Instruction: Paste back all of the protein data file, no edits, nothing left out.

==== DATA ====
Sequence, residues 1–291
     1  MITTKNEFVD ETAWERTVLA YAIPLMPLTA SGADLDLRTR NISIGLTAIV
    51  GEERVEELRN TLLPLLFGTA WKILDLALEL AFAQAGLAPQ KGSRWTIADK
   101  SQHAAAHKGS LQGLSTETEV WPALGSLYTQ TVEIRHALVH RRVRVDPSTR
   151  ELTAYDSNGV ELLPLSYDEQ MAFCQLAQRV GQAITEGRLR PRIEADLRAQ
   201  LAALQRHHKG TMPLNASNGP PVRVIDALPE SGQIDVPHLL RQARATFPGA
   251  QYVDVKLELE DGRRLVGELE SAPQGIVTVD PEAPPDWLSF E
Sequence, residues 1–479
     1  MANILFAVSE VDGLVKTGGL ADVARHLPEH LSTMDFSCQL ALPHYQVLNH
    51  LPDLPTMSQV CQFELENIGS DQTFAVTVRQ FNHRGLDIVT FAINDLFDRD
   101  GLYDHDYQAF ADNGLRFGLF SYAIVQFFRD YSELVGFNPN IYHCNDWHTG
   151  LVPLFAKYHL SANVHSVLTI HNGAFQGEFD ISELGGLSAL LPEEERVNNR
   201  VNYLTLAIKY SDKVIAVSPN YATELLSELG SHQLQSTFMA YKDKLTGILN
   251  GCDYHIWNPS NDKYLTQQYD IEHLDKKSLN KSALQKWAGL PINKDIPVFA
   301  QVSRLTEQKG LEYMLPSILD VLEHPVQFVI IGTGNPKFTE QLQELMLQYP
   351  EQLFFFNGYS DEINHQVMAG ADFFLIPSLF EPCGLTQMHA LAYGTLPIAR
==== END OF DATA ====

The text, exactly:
Sequence, residues 1–291
     1  MITTKNEFVD ETAWERTVLA YAIPLMPLTA SGADLDLRTR NISIGLTAIV
    51  GEERVEELRN TLLPLLFGTA WKILDLALEL AFAQAGLAPQ KGSRWTIADK
   101  SQHAAAHKGS LQGLSTETEV WPALGSLYTQ TVEIRHALVH RRVRVDPSTR
   151  ELTAYDSNGV ELLPLSYDEQ MAFCQLAQRV GQAITEGRLR PRIEADLRAQ
   201  LAALQRHHKG TMPLNASNGP PVRVIDALPE SGQIDVPHLL RQARATFPGA
   251  QYVDVKLELE DGRRLVGELE SAPQGIVTVD PEAPPDWLSF E
Sequence, residues 1–479
     1  MANILFAVSE VDGLVKTGGL ADVARHLPEH LSTMDFSCQL ALPHYQVLNH
    51  LPDLPTMSQV CQFELENIGS DQTFAVTVRQ FNHRGLDIVT FAINDLFDRD
   101  GLYDHDYQAF ADNGLRFGLF SYAIVQFFRD YSELVGFNPN IYHCNDWHTG
   151  LVPLFAKYHL SANVHSVLTI HNGAFQGEFD ISELGGLSAL LPEEERVNNR
   201  VNYLTLAIKY SDKVIAVSPN YATELLSELG SHQLQSTFMA YKDKLTGILN
   251  GCDYHIWNPS NDKYLTQQYD IEHLDKKSLN KSALQKWAGL PINKDIPVFA
   301  QVSRLTEQKG LEYMLPSILD VLEHPVQFVI IGTGNPKFTE QLQELMLQYP
   351  EQLFFFNGYS DEINHQVMAG ADFFLIPSLF EPCGLTQMHA LAYGTLPIAR